Thursday, July 27, 2017 12:08 am
Going fishing on Governor
City, state OK aquaculture project
Randy Jones figured he’d gotten the green light in May, when the Springfield Building and Zoning Department sent him a letter: “Per inspector the violations are abated.”
That, he thought, would be the end of his battle with the city, which had cited him in November for building a tilapia tank alongside the sidewalk in front of his home on Governor Street, plus a greenhouse overhead to grow plants that would be fertilized with fish poo (“A fish tale,” Dec. 1, 2016). He was installing greenhouse glass when the notice of violation arrived, followed soon by a second notice stating that he needed to do something about the bricks and wood in his yard, a somewhat natural byproduct of greenhouse construction, in this case, without benefit of permit.
And so Jones took down the greenhouse wherein he had planned to grow fruits and vegetables. The bricks and wood also disappeared. The city dismissed the cases on May 10. And then, it started all over again with a third notice from the city sent two weeks after the violations were dismissed.
The city wasn’t categorical in its May 23 letter, parts of which read more like internal emails than formal notices of violation. “If the tank is dirty and presents a health hazard then this section is a good one,” a zoning inspector wrote. “From the picture I cannot tell if the tank is dirty or not but even if it is regularly cleaned then this section could still be used since it is out in the open.” Translation: Doesn’t matter what you do, you’re screwed. There was also something about an obstruction that might be illegal since it appeared to be taller than three feet and “likely” blocked views from a nearby stop sign, even though no one measured or definitively said that the obstruction, which wasn’t specified in the letter, impaired anyone’s view of anything. Translation: You’re really screwed.
Jones, my former neighbor, had filled his tank with tilapia in early spring, and they were thriving, along with vegetables he’d planted alongside and over the fish. It’s a miniature river, really, that gurgles amid a hydroponic jungle of peppers, beans, cabbage, cucumbers, strawberries, mint, basil and zucchini that dares passersby not to stop and gaze. There’s even a waterfall.
“I’m just an old hippie, why can’t they just leave me alone?” he complained while pondering what he should do. He sent the city a letter asking for clarifications. In return, he received citations and an order to appear in zoning court on July 12. Along with having an illegal obstruction in his yard, the city accused Jones of keeping animals “in a manner which is offensive, nauseous, dangerous to life, limb or property or detrimental to the health and/or safety of the person residing in or traveling through that area,” which likely came as news to kids and their parents who daily stopped to look at the fish and chat with Jones, who handed out vegetables and boasted that his streetside ecosystem was accomplished with just one cup of fish food per day, no pesticides or other chemicals needed.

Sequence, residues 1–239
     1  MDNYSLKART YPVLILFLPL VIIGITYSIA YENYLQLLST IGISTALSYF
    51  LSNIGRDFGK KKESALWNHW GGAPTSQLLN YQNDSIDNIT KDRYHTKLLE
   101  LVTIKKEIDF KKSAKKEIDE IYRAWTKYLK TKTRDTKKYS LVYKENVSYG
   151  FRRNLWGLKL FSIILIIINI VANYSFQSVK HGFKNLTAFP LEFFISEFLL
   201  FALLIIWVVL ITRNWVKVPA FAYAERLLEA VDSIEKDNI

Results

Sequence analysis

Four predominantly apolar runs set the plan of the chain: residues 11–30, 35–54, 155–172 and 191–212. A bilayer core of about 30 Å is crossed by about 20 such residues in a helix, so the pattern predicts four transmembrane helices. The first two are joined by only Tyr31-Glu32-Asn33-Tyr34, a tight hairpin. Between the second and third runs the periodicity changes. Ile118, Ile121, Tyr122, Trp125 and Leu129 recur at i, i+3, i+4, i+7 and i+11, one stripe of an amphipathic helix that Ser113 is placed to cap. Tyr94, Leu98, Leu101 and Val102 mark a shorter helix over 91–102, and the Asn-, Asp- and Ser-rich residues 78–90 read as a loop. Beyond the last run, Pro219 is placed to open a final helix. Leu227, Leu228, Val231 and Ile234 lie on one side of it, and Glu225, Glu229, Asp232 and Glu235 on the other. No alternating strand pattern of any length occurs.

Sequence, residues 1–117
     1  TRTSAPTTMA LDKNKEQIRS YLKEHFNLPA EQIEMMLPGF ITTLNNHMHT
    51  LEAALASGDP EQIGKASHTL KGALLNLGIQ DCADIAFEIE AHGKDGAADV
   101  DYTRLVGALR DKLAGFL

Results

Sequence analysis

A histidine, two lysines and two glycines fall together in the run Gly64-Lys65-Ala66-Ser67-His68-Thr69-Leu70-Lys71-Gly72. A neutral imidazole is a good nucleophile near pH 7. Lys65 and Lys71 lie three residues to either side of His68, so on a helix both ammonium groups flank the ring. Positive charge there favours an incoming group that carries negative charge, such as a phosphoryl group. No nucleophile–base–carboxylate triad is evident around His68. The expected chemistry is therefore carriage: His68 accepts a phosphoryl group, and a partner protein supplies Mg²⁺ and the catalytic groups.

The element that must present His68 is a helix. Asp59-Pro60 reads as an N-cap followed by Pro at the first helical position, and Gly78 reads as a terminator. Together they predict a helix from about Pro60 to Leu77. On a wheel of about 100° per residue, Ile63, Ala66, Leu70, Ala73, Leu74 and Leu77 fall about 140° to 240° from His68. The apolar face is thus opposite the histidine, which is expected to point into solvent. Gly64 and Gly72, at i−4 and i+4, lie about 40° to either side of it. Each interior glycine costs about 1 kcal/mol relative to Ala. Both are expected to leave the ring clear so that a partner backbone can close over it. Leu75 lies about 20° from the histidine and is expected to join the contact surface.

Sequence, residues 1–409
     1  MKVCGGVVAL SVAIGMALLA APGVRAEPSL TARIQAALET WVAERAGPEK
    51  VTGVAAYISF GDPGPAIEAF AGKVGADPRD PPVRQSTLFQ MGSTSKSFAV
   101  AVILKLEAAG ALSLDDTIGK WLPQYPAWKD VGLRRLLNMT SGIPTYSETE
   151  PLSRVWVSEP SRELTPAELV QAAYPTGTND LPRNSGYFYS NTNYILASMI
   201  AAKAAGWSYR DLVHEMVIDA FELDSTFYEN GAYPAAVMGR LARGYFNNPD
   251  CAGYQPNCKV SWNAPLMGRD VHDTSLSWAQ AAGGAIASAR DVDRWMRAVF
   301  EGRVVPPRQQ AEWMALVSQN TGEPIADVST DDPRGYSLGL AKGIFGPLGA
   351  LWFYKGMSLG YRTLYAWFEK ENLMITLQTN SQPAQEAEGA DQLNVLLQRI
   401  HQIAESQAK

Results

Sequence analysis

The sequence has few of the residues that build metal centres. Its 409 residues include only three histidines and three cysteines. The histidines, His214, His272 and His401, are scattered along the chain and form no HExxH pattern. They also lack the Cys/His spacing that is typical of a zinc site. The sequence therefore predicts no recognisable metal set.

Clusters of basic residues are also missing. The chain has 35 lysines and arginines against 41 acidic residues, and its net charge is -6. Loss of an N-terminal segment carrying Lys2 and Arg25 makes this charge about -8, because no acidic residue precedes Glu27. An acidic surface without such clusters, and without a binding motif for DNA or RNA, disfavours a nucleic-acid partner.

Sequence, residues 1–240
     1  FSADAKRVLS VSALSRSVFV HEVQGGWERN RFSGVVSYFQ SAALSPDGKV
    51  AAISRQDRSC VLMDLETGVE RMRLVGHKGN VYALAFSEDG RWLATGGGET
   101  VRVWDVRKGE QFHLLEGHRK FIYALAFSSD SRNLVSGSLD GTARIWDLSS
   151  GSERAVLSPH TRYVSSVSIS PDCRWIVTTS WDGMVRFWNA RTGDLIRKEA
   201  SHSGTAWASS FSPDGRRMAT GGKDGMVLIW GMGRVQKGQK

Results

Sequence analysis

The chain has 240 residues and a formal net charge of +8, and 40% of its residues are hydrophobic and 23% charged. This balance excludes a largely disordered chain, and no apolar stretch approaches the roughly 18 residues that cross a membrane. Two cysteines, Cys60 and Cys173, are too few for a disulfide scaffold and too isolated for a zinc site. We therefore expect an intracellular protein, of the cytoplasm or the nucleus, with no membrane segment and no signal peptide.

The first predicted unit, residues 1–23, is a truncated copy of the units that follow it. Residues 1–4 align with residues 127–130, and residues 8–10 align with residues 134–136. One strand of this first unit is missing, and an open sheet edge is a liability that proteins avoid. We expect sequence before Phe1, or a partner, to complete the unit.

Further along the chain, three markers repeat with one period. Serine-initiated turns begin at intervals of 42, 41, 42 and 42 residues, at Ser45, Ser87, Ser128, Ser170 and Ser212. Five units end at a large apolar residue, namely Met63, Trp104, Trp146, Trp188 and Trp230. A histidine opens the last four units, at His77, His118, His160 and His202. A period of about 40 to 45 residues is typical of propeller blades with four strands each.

Shortly before Jones’ court date, a pair of state Department of Natural Resources inspectors paid a visit. Jones suspects the city turned him in. “They showed up here out of the blue, and they knew my name,” he recalls. Public works director Mark Mahoney, whose office includes the building and zoning department, could not be reached for comment.
Instead of citing Jones, the DNR granted him an aquaculture permit. And so Jones now holds one of fewer than 100 permits issued each year in Illinois granting the bearer the right to raise tilapia and other aquatic creatures. So much for offensive, nauseous and dangerous. “They ain’t gonna let you grow fish in a bad manner,” Jones says. “I’m self-taught, bro. To have someone with a biology degree come and check it out and say it’s righteous, it kind of turns you on.”
Despite his state permit, zoning court didn’t go well. Jones was ordered to appear again on July 19 for a hearing – we’ll present our side, you can present yours and a hearings officer will make the call, a zoning official said. In less than a week, though, the city backed off: If you take a 40-gallon aquarium out of your front yard, we’ll forget about the whole thing. And in as much time as it takes to carry a household aquarium 20 feet to a side yard, Jones was in the clear: “Per inspector, violations are abated,” the docket sheet says.
Jones vows never to sell his fish – instead, he’ll give them away to anyone who is hungry. Come winter, he says, he’ll install glass over the fish enclosure with enough room between the glass and the water to grow hydroponic lettuce on a conveyor belt that will move slowly along the enclosure, one foot per day, until the plants reach an opening, at which point they will be ready for harvest. He also wants to plant fruit trees on the planting strip between the sidewalk and the street.
“I’ll ask the city’s permission first,” he promises.
Contact Bruce Rushton at firstname.lastname@example.org.